Skip to main content

Lifestyle Family Photography

Lesson 5 of 31

How to Book Your First Client

Emily Lucarz

Lifestyle Family Photography

Emily Lucarz

Starting under


Get access to this class +2000 more taught by the world's top experts

  • 24/7 access via desktop, mobile, or TV
  • New classes added every month
  • Download lessons for offline viewing
  • Exclusive content for subscribers

Lesson Info

5. How to Book Your First Client
Happy clients start with realistic expectations. Emily walks through how to set those expectations from the start -- the booking process. Walk through what Emily tells her clients at the booking process. Then, go through the process, from that first client email to add-on sessions.

Lesson Info

How to Book Your First Client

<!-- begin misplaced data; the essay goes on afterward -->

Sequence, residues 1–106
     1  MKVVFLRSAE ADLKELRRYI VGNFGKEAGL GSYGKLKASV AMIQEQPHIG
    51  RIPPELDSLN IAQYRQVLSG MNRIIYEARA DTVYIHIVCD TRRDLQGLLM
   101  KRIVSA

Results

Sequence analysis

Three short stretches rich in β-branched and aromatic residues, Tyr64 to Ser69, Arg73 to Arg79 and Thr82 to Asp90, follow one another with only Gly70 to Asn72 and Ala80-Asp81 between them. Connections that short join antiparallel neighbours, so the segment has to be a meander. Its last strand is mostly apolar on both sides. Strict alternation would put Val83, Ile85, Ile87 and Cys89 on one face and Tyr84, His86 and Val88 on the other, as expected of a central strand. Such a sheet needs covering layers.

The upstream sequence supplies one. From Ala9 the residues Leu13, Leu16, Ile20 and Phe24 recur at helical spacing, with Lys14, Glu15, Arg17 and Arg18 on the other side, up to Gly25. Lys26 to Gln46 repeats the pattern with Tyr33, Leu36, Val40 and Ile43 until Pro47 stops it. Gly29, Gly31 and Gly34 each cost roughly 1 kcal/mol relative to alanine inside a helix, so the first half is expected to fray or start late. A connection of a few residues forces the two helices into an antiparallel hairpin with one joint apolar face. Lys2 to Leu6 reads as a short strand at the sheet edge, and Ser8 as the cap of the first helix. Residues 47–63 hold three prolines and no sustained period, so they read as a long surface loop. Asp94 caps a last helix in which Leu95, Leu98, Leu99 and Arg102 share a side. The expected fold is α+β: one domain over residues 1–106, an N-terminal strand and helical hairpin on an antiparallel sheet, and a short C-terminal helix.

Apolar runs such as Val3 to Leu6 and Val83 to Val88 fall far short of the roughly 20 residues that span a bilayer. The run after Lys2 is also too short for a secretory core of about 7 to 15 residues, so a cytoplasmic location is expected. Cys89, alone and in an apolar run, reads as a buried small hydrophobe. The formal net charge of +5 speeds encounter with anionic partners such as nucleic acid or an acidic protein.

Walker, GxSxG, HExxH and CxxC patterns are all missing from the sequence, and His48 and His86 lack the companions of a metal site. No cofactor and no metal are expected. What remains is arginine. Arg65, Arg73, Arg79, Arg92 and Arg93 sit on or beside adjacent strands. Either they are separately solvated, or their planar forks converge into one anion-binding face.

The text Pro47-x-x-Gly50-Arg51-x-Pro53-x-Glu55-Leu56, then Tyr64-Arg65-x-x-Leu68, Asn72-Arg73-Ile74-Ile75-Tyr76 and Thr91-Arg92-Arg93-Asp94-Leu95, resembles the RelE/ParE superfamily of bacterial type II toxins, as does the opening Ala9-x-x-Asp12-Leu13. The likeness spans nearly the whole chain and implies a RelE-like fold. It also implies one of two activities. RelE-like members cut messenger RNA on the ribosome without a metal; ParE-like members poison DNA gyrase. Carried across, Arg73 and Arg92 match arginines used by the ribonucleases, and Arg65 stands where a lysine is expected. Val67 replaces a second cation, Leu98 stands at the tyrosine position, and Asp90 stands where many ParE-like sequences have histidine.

When a new client wants to book. This is critical, okay? We hafta set expectations for your clients, okay. Somebody emails you and says, "Hey, I really liked that photo that you put up of Tyler! "Can we do a session like that?" Sure, let's do it! However, these are the things you need to know. Clients need to know that you are not, and this is gonna make you guys all feel so much better, because you're gonna walk into the home not worrying about if you're getting the shots that they think that are gonna happen, right? Because you've gone over with them the shots that you will be getting. So, tell them, these are not gonna be portrait-y shots. We are not gonna stand your child against a white wall, have them smile and say cheese, which, it's in my contract that they're not allowed to say cheese, 'cause that's that elongated E vowel, right, not good. Remember, there's other ways to do it and we're gonna go over that. So when we go over expectations, I expect that kids are gonna get crabb...